Not long after the Supreme Court's decision in Lawrence v. Texas, (1) I was discussing the use of foreign and international law in constitutional interpretation with a federal judge (who shall remain nameless). After a few minutes, this judge, one of the most conservative on the federal bench, said that in his court there are two kinds of authority: binding and persuasive, and that anything that isn't binding is persuasive. For instance, he could refer to a movie or other popular culture if it helped make his point. He then said that foreign and international law could be far more persuasive than law from the Ninth Circuit.
The fact of the matter is that the Supreme Court and federal and state courts throughout the country have been using foreign and international law in their decisions since the Eighteenth Century. (2) Every member of the current Supreme Court who has sat for a full term has either authored or joined opinions that have used foreign and international law, in some way, to interpret constitutional provisions that facially have no international implications. (3) Until recently, discussions of foreign law in very famous Supreme Court cases, from Dred Scott (4) to Miranda (5) to Roe v. Wade, (6) have gone largely unnoticed. Other discussions of foreign law in famous opinions, such as Justice Harlan's cryptic use of foreign law in his Poe v. Ullman dissent, (7) are still fairly obscure. Listing every case in which this practice has occurred would take far more time than we have here today.
In light of the enormousness of this subject, I will discuss something that is often not mentioned: the way that state courts have used foreign law and international opinions in their recent jurisprudence. (8)
While there's been much ink shed in the last two years over the relevance of the views of the world community in Supreme Court interpretation, the states have largely been ignored in this commentary. (9) As difficult as it is to construct a coherent narrative of legal trends with the Supreme Court, surveying state law is like watching Brownian motion.
That said, the general scholarly consensus seems to be that foreign law is not often used by contemporary state courts, except in certain discrete areas where the substance of foreign law is necessary to deciding domestic law questions. These areas include serving process, conducting discovery, ensuring recognition of foreign judgments, assessing rights under foreign law in probate and domestic relations matters, deciding choice of law issues, and in interpreting contracts with forum selection clauses. In other words, when the courts really can't get around it.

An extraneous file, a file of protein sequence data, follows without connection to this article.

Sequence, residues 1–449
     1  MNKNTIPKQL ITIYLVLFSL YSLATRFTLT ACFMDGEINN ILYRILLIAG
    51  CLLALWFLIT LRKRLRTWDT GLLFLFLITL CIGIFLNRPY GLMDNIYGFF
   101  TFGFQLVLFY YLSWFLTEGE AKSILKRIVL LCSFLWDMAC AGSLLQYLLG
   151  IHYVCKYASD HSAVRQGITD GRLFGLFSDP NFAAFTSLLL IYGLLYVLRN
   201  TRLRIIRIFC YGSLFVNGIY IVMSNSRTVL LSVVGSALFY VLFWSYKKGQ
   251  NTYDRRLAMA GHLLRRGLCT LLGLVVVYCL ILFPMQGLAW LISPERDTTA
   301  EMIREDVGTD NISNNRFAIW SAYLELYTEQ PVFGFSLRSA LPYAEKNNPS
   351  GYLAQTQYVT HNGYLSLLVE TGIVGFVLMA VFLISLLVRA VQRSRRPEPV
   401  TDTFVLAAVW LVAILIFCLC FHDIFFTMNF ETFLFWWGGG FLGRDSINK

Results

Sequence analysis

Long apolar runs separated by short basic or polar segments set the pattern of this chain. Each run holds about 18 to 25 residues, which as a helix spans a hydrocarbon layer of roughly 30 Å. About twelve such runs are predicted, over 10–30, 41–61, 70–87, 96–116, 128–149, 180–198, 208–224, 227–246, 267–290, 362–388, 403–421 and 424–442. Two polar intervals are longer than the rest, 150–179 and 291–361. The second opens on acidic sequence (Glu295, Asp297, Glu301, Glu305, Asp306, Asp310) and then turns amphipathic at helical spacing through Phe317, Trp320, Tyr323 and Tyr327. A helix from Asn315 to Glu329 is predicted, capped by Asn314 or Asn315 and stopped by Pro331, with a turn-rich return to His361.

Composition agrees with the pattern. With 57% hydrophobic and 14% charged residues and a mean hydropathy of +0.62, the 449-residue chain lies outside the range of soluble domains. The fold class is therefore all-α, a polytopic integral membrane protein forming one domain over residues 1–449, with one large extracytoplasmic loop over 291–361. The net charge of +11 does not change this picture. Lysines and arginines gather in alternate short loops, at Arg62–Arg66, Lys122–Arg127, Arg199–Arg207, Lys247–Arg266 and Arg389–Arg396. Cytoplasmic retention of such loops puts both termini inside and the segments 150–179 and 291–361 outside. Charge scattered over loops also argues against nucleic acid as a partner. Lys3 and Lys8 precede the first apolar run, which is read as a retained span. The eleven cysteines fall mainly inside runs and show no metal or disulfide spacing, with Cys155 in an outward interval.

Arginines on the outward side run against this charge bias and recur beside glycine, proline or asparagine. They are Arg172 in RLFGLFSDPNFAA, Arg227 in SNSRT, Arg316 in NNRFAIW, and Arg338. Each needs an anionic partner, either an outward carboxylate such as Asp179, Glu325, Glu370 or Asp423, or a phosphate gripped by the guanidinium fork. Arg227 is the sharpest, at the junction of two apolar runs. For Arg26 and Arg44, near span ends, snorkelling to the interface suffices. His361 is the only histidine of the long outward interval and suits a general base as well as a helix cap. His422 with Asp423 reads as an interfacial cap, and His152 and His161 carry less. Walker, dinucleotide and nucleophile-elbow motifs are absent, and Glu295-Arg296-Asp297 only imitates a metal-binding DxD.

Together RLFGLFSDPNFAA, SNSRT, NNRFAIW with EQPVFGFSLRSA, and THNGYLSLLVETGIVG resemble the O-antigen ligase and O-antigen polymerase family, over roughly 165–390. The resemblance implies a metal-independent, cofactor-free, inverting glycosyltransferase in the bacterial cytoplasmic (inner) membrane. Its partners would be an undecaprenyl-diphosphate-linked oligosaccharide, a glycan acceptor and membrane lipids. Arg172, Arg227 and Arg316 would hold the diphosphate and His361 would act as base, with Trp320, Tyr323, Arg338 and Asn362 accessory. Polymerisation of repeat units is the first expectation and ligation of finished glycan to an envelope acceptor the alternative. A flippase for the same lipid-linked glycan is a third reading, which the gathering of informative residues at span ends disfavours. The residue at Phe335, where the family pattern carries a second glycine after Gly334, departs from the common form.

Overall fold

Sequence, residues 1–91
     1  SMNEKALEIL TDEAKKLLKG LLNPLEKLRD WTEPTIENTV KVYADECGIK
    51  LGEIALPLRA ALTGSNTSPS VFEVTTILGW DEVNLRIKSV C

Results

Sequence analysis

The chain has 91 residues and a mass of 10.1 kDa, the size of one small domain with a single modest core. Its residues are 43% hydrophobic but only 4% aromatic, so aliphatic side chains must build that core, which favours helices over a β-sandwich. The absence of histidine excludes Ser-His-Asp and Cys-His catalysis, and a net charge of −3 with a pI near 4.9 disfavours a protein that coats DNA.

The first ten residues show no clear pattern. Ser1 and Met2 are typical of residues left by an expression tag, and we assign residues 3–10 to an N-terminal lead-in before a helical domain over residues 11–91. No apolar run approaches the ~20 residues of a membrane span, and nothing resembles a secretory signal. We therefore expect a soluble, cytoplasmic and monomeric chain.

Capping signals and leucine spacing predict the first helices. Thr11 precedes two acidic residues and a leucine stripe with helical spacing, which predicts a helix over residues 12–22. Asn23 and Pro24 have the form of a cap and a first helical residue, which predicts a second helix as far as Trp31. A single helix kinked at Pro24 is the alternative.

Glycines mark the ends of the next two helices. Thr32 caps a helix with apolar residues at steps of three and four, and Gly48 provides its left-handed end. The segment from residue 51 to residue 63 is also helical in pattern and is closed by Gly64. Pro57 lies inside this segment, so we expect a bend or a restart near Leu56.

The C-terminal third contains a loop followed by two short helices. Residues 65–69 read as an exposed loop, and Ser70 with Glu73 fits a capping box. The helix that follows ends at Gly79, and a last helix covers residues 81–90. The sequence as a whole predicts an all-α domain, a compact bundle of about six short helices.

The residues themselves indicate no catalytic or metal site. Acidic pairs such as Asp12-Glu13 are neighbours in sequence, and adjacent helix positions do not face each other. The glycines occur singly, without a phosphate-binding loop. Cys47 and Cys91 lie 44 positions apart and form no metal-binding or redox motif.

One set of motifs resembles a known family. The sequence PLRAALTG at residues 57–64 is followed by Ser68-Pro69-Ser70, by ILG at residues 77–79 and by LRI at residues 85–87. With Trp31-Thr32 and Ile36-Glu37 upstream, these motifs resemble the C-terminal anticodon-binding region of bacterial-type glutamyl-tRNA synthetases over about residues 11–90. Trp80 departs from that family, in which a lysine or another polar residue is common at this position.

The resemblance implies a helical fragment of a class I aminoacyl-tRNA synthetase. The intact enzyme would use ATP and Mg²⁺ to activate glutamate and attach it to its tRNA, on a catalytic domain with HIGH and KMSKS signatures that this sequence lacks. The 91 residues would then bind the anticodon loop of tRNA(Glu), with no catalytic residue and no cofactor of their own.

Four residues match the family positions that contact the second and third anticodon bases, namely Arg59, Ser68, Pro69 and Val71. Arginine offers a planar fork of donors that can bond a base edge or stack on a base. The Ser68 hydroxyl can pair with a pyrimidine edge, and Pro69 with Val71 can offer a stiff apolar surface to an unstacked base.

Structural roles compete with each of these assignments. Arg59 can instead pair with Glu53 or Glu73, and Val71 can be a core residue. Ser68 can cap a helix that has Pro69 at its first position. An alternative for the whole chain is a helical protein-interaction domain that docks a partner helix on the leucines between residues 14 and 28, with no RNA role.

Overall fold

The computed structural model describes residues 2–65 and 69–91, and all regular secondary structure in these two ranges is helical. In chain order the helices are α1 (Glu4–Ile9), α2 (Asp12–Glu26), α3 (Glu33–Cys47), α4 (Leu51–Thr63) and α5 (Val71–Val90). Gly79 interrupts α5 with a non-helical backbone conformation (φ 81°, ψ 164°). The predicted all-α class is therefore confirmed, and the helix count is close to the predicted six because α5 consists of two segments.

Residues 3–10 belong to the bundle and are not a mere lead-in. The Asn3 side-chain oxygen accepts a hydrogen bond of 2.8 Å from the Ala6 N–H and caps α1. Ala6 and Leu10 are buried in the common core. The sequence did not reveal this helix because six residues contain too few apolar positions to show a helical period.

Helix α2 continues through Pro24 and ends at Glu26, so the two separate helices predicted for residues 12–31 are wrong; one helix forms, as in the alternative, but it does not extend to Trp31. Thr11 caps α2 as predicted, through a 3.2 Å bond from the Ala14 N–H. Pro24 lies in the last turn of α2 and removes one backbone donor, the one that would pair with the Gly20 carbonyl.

Outside these enclaves, however, state courts can and do use foreign law, representing international opinion on social and legal matters, in a variety of areas.
Many state courts have used foreign laws and views to interpret and make common law, the arena in which their authority is at its greatest. Just this year, in the disastrous Naxos Records case, (10) the New York Court of Appeals cited the international community's views on whether the sale of a sound recording constitutes a "publication" in determining whether certain musical recordings were protected under New York common copyright law. (11) Numerous state courts have used foreign law in making and revising their tort law. State courts in Wisconsin, 12 New Jersey, (13) Louisiana, (14) and Hawaii (15) have considered the predominant view in the world that municipalities should be liable for the torts of public actors in reconsidering common law precedents to the contrary.
Similarly, in the seminal case of Li v. Yellow Cab Co., the California Supreme Court cited the laws of France, Austria, and Portugal in supplanting the traditional contributory negligence system with a pure comparative negligence system, (16) and the Alaska Supreme Court cited the laws of "Austria, Canada, France, Germany, the Philippines, Portugal, and Spain" for the proposition that a comparative negligence system "has long been used in other nations of the civilized Western world. …